Children’s Hospital Oakland nurses on 5-day strike
San Francisco Chronicle, 5/6/11
By: Victoria Colliver
San Francisco Chronicle
May 6, 2011
Registered nurses at Children's Hospital Oakland walked off their jobs Thursday morning in the first day of a five-day strike that centers on disputes over health care benefits and other proposed changes to their contract.
The more than 700 registered nurses at Children's, represented by California Nurses Association-National Nurses United, have been trying to negotiate a contract for more than a year.
"It's not that we want a whole lot more," said Pam Bennett, a nurse at the hospital for 30 years who was on the picket line Thursday. "It's just that we don't want things taken away that we already have."
The nurses object to a proposal by hospital management that would require them to pay more for their health care. The hospital is offering two preferred provider organization, or PPO, plans - one that comes with a high deductible but no monthly contribution and another that would cost nearly $4,000 a year for family coverage.
The hospital is also offering to pay entirely for a Kaiser plan, but some nurses object to that because they say they would not be able to take their own children to Children's Hospital.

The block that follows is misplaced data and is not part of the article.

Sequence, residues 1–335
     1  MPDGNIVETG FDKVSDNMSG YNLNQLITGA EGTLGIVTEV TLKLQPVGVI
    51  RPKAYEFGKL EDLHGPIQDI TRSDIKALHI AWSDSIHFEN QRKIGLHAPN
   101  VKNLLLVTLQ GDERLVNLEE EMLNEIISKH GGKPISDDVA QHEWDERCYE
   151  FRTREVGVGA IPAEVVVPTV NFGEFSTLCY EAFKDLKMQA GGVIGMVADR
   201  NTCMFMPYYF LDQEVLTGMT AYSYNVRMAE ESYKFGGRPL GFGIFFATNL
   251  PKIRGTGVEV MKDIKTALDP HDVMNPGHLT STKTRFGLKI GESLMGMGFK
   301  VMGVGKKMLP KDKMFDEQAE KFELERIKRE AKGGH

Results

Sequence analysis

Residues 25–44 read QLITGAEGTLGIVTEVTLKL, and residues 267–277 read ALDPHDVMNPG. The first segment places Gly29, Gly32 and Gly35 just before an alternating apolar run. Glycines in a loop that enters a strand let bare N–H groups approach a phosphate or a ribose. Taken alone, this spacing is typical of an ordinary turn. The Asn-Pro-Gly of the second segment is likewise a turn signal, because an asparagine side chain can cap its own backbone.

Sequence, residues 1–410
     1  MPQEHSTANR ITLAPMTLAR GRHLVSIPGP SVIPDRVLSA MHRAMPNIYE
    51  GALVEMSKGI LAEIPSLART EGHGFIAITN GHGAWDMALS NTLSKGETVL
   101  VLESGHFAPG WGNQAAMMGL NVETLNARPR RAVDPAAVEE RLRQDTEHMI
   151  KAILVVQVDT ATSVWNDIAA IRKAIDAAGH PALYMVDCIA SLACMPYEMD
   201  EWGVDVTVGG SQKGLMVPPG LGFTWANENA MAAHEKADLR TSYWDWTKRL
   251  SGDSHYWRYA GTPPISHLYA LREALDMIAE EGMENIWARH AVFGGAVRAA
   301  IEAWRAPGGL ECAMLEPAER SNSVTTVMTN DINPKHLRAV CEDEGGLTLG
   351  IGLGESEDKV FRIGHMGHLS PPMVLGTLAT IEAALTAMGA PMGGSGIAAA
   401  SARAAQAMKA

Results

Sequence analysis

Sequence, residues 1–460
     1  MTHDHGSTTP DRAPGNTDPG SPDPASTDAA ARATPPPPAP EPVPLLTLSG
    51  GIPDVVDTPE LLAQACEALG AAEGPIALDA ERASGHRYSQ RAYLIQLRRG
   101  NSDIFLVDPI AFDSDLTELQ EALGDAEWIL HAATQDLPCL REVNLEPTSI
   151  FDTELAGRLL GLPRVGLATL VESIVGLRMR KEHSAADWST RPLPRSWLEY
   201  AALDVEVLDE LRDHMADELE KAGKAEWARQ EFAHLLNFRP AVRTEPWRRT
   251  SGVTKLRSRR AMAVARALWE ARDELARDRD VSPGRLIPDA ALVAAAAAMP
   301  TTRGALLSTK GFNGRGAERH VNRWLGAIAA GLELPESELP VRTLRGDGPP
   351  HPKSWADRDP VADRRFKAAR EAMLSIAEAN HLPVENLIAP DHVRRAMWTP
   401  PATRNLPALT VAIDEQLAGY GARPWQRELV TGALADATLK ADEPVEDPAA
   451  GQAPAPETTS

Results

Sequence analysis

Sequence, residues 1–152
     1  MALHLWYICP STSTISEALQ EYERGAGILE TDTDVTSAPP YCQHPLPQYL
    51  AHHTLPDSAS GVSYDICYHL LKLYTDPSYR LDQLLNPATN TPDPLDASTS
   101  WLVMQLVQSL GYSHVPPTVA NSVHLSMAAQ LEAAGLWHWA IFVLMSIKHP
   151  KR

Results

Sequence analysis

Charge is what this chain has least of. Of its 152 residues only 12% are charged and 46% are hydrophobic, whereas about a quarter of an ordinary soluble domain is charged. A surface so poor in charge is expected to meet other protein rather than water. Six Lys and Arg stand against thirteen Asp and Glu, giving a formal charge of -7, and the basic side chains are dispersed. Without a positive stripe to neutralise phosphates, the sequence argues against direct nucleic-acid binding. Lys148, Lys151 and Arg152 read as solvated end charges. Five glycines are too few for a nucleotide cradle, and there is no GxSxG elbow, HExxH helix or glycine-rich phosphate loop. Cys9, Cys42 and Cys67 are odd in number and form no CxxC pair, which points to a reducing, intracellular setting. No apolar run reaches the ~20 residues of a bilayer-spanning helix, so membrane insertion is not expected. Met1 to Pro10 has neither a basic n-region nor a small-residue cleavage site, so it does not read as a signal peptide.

"We don't want to have these take-aways. Basically it amounts to a pay cut," said Randye Epstein, a neonatal intensive-care nurse who has worked at the hospital for nearly 30 years.
The current contract expired in July, and this is the second strike since. The nurses staged a three-day walkout in October.
Children's Hospital will remain operating at near normal capacity during the strike, which is scheduled to end at 7 a.m. Tuesday. The hospital has hired 125 replacement nurses and rescheduled elective procedures.
The 190-bed hospital has portrayed itself as struggling financially and the nurses as out of touch with the current economic reality. Children's Hospital has said it lost $17.9 million in 2009 and about $15 million last year.
Hospital officials have also said the average hourly rate for a nurse is $67.31, which equates to $140,000 a year for those who work 40 hours a week.
The nurses disputed that, saying nurses generally do not work five days a week because of the intense nature of their jobs.
"I'm not ashamed of the money we make," said Susan Segal, a nurse at the hospital for more than 26 years. "But they're basing that (the hospital's average wage estimate) on a hypothetical nurse who doesn't exist."
Veteran nurses were also upset about proposed changes that would require nurses who have worked at the hospital for more than 20 years to work one weekend a month. They are currently exempt from weekend work.
Hospital spokeswoman Erin Goldsmith said so many nurses have more than two decades experience at Children's that the hospital has trouble staffing weekend shifts, particularly in certain specialized units. Union officials said they've offered other staffing solutions, such as training less-experienced nurses for those units.